Many years ago I worked a trade show in Atlantic City with a guy from California. If I work with guys from out of town, sometimes, if we have time, I'll take them somewhere touristy if they've never been. I've taken a couple of guys to Air and Space because it's too cool to miss. On this occasion we went somewhere I'd never been: Independence Hall in Philadelphia.
This and Congress Hall next door are, as far as I'm concerned, the coolest historic sites in America. The world changed here.
Congress Hall is where the early Constitutional amendments were ratified. But today it's Independence Hall that matters.
We're so used to thinking of the United States as dominant that it's hard to imagine how dangerous declaring independence was. England was a world power. The colonies were a backwater.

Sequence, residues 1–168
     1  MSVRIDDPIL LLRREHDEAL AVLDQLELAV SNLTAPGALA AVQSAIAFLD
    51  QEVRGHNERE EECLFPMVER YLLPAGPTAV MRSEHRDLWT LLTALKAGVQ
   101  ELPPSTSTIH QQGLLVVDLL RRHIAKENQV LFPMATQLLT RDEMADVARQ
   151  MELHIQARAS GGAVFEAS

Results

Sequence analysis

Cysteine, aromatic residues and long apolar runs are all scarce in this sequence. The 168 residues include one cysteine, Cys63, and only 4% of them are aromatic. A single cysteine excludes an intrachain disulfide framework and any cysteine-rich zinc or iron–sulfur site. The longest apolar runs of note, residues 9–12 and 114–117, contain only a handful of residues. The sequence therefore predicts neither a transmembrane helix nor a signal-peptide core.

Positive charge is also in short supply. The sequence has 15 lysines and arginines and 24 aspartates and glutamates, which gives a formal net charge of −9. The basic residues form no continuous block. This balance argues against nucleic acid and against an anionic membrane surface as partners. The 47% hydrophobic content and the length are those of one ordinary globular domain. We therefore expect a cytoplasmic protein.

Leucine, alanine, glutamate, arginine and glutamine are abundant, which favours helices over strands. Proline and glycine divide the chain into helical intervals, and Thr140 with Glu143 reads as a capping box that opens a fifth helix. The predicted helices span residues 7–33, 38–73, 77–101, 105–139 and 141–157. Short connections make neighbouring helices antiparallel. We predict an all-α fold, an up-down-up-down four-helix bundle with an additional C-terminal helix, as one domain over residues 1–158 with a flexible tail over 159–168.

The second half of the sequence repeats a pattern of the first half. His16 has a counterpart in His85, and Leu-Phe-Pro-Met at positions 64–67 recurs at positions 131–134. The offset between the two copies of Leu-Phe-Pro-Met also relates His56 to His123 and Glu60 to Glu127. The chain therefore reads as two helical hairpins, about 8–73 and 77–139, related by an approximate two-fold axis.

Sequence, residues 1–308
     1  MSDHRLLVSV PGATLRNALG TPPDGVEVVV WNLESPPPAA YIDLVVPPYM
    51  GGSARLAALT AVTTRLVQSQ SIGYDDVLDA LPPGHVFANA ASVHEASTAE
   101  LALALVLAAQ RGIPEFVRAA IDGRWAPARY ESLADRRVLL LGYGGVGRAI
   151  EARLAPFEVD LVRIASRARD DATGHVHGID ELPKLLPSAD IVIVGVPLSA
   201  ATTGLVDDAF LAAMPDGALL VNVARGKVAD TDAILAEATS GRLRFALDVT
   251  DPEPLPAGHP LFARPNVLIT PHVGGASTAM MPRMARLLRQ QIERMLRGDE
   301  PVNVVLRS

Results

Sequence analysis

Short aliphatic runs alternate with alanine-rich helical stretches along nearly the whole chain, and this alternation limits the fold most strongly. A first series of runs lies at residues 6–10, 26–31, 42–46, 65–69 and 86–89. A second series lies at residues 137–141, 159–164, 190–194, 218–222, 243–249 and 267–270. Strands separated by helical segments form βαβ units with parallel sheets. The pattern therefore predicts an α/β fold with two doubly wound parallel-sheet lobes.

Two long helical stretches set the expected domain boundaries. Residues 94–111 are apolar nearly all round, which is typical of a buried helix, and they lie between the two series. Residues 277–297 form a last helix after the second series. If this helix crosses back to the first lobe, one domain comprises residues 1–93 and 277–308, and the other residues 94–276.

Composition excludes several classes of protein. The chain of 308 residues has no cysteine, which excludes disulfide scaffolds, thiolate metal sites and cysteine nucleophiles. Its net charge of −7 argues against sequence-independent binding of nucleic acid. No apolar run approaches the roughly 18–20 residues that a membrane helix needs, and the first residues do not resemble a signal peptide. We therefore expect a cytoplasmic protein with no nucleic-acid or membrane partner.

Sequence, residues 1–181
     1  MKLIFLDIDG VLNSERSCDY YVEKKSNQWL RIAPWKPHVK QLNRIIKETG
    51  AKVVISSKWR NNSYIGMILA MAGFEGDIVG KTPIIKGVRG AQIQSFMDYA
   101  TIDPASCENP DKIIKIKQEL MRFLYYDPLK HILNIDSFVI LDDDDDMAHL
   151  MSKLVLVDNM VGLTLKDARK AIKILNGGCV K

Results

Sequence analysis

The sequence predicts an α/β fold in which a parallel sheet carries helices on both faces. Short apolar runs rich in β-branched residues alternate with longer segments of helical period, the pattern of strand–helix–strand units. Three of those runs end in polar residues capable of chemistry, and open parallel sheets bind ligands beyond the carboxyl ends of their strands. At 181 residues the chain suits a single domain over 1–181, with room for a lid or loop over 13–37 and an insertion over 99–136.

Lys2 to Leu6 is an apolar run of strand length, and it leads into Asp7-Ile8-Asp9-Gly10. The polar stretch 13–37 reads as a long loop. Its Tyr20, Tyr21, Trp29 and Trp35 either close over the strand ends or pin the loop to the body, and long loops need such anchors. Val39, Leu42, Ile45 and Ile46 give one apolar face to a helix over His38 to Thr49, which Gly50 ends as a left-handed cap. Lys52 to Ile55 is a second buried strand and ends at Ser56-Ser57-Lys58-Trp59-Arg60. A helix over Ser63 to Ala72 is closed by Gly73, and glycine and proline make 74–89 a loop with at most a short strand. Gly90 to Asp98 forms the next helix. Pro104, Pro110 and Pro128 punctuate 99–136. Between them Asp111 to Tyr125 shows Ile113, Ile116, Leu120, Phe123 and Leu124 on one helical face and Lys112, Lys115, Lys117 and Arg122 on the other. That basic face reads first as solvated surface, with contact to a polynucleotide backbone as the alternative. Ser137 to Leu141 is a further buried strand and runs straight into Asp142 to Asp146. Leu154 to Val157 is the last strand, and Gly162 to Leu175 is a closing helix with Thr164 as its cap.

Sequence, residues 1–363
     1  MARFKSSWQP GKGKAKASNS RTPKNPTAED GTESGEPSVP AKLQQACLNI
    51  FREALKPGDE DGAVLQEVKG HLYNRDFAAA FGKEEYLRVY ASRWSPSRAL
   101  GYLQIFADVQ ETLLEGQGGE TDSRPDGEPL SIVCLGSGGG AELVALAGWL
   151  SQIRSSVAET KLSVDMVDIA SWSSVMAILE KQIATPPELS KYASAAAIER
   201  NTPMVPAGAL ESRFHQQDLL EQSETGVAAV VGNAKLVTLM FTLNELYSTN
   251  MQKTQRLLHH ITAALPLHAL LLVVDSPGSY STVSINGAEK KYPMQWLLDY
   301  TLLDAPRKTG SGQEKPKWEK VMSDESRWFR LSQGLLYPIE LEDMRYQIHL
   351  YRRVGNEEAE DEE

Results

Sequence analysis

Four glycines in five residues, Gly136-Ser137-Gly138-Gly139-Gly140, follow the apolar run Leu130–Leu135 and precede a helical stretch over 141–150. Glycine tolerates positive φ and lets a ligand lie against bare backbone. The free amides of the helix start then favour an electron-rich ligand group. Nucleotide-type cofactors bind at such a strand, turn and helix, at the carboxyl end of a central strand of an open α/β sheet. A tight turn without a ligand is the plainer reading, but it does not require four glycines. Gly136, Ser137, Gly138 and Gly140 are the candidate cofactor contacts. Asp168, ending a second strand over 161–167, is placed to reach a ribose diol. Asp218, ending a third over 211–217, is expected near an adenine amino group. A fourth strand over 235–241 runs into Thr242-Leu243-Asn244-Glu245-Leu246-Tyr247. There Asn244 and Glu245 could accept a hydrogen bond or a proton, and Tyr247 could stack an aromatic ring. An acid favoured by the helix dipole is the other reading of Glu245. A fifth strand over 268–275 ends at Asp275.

Independence is not what the colonists had in mind when the revolution started the year before. They begged King George to stop the unrepresented taxation. King George just thought they were too rebellious, so they decided the only sensible course of action was independence. But they were a minor backwater opposing the most powerful nation on Earth, and that powerful nation did not view the colonists as a foreign nation but as traitors. When Benjamin Franklin said "We must indeed all hang together or most assuredly we shall all hang separately," he was not exaggerating.
Seeing the room where this took place, the room in the famous painting, looking the same as it did then is almost eerie. You read about this all your life and it took place right here, a risky decision made that changed Everything.
We are not remotely where we want to be, but where we have gotten is miraculous given our origins. What we have is worth improving and protecting. God knows that has recently become more difficult, scarily difficult, but we've dealt with serious challenges before.
That's the reason this holiday exists.